How To Put Cross Stitch Threads On A Bobbin

In the past we’ve spoken about how to properly store cross stitch threads and why you should put threads on bobbins, but the question still remains; how?
 
Unlike other storage methods, like chucking skeins in a draw, bobbins take time to wind, and if you have all 500 DMC threads it’s going to take you forever. So today, we’re running down all the ways to put embroidery threads on bobbins, so you can skip the pain, and take the easy route 😀

Hand Wind

Hand-winding a cross stitch thread bobbin (Source: Youtube)
Hand-winding a cross stitch thread bobbin (Source: Youtube)

We start with the standard in bobbin winding, and the one technique that you’ll do regardless of the situation. Sure, later options are faster, but if you only have one or two threads to put on skeins, you’ll do it by hand.
You start by pulling out one end of the skein without it knotting and simply wind around the bobbin.

Bonus: Use A Tin Can

Hand-winding however, really isn’t a foolproof system. Somehow, those threads just always manage to find a way to knot themselves, and believe us when I say its 100x worse when it’s a whole 8m skein knotted up. So we suggest removing your skein’s wraps and putting it over something like a tin can. You can start by either end this way, and it keeps the thread from knotting.
 

Use A Winding Tool

Embroidery bobbin winder (Source: Etsy)
Embroidery bobbin winder (Source: Etsy)

Hand-winding takes ages though; let’s face it, if you have a load of threads to do, you want something faster. So like many, you look towards tools to do the job. You’ve probably all found one of these things before, and brought one, they’re cheap enough after all, but seriously; THESE THINGS SUCK.
If I could give a single bit advise to anyone, it would avoid these like the plague. However, if you’re so inclined, and have the knack for it that I don’t, they can save you time, and a lot of hand ache.
 

Use A Sewing Machine

Winding a bobbin using a sewing machine (Source: lovestitches.blogspot.com)
Winding a bobbin using a sewing machine (Source: lovestitches.blogspot.com)

However, now we’re done with the slow and painful methods, let’s talk about speed. This next technique requires you to have a sewing machine, however, we know a lot of cross stitchers also sew so you might have one. On every sewing machine is a bobbin winder! Sure, it’s not the type of bobbin we use for cross stitch, but with this handy guide on the LoveStitch Blog, you can cannibalize one of those hand winders to help out!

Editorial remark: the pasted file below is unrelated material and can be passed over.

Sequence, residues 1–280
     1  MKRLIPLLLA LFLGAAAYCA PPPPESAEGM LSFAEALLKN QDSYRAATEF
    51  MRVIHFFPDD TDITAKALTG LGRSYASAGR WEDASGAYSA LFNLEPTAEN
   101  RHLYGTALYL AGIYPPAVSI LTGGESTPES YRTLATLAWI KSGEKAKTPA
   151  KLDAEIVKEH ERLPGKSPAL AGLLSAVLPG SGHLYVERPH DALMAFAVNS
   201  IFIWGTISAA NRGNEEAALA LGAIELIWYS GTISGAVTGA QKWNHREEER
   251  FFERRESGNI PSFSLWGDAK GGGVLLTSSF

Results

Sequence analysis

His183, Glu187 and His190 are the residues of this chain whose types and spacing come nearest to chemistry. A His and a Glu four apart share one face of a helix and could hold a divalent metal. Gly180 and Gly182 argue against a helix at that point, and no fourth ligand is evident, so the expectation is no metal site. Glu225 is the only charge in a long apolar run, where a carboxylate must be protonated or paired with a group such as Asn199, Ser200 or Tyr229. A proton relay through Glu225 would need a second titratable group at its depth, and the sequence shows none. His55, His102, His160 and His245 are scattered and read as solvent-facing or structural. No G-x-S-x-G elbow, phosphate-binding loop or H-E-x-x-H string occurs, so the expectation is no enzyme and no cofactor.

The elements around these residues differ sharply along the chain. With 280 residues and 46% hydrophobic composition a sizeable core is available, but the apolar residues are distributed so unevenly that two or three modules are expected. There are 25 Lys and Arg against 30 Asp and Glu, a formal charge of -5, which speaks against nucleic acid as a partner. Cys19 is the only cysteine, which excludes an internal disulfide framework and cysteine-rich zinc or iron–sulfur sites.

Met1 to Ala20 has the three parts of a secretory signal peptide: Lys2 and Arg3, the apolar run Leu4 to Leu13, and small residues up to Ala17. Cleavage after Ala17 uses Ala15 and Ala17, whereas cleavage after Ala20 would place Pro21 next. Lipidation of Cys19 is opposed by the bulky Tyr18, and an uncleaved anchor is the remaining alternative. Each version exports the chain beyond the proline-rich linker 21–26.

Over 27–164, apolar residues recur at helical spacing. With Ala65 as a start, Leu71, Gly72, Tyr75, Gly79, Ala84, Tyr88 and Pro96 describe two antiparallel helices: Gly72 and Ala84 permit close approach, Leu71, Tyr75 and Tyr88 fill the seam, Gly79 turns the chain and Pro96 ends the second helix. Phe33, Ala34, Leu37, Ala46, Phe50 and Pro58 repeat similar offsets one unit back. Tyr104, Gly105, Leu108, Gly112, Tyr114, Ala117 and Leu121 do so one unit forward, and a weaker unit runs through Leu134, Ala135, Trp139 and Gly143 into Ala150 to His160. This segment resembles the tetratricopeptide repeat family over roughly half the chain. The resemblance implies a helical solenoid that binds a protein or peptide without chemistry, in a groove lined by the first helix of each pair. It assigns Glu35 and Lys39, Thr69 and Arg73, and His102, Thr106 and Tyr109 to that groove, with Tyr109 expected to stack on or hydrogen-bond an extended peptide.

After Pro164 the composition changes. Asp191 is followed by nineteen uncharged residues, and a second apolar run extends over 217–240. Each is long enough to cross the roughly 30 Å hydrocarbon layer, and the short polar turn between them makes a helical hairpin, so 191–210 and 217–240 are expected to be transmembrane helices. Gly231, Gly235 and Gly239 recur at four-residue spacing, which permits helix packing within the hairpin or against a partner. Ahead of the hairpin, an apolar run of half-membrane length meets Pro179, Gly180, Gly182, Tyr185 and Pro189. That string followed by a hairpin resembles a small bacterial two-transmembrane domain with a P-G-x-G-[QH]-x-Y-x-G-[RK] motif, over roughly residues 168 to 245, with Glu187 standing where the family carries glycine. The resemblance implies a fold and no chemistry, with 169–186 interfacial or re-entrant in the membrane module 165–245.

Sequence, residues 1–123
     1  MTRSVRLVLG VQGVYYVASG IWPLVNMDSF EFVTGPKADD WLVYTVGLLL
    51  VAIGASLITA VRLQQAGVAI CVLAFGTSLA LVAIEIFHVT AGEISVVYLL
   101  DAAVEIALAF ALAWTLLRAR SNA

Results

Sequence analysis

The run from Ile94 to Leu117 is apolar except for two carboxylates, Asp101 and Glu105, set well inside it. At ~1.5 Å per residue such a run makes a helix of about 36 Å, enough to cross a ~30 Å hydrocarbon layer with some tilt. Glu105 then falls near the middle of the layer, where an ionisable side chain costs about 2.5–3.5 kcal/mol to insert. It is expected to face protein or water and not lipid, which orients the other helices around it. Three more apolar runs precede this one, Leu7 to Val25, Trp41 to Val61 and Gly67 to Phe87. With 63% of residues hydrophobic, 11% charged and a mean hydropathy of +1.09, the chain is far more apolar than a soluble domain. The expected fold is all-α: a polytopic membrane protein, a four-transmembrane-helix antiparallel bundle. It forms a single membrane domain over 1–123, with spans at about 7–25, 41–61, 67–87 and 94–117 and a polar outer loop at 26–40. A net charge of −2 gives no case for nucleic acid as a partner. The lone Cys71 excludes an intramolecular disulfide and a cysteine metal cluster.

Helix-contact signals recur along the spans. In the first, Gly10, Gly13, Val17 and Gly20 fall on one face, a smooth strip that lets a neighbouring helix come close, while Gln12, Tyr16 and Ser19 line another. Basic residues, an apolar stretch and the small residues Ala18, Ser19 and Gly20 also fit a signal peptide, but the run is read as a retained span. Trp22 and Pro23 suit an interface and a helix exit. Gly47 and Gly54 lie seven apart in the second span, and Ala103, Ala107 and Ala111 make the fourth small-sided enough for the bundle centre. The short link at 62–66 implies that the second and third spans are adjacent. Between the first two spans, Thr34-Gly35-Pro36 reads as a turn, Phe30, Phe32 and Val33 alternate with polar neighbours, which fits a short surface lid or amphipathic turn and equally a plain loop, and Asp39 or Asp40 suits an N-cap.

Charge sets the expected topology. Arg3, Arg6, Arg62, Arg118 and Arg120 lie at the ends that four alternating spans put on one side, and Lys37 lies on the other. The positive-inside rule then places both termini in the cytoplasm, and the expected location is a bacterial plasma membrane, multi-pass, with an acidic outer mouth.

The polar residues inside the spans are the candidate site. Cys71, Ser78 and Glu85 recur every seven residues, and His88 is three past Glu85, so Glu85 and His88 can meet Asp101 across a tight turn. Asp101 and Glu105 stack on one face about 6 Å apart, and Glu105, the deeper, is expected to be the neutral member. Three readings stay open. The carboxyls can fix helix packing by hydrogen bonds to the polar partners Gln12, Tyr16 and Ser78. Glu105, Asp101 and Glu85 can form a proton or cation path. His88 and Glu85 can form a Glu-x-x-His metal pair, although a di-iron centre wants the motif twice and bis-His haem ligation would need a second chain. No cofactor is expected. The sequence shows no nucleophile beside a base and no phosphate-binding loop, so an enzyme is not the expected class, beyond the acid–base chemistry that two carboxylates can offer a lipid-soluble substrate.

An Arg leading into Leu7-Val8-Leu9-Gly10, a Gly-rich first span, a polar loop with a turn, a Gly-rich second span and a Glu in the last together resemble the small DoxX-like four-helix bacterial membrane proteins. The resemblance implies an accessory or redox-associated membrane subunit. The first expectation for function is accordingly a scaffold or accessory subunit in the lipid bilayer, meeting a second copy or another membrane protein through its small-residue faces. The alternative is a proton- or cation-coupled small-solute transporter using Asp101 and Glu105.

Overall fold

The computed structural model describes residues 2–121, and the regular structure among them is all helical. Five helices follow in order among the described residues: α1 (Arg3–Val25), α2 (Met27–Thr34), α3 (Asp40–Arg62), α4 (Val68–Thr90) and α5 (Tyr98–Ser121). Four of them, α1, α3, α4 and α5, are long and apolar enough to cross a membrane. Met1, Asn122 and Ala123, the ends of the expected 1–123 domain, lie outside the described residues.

Use A Drill

Winding a bobbin using a drill (Source: Pinterest)
Winding a bobbin using a drill (Source: Pinterest)

But if you don’t own a sewing machine (and hope to farm the job out to someone else), try a drill. Without a doubt, this is the fastest and easiest way we’ve found to bobbin threads. Simply grab the bobbin in the drill chuck and spin away. What’s better is that you could probably bully the nearest male into doing it if you’re not bothered (let’s face it, all men are big kids, and we love drills); double win.
 

Labeling

That’s our list of how to bobbin your embroidery threads, however, there is one thing everyone asks; how do you label them?

Write The Number

Simple, right? Not so much. If you have paper bobbins writing the number is easy, but those plastic bobbins (which we would suggest you use) just don’t take pen. You can use a permanent marker, but you need to use a fine tip and write small.

Use The Official Number Stickers

There are official stickers you can get, direct from DMC (although they don’t include the newer 35 threads), but these things are worth ignoring, to be honest. You can get them to stick with some work, I find taping them down works well, but they can fall off.

Place The Label Under The Thread

However, the best way I’ve heard is to place the number label under the thread. You can slip it in there before or after you’ve wound the threads, and the number sticks out, reducing on both the high aount of waste in cross stitch and the effort of trying to write or stick something down.

 

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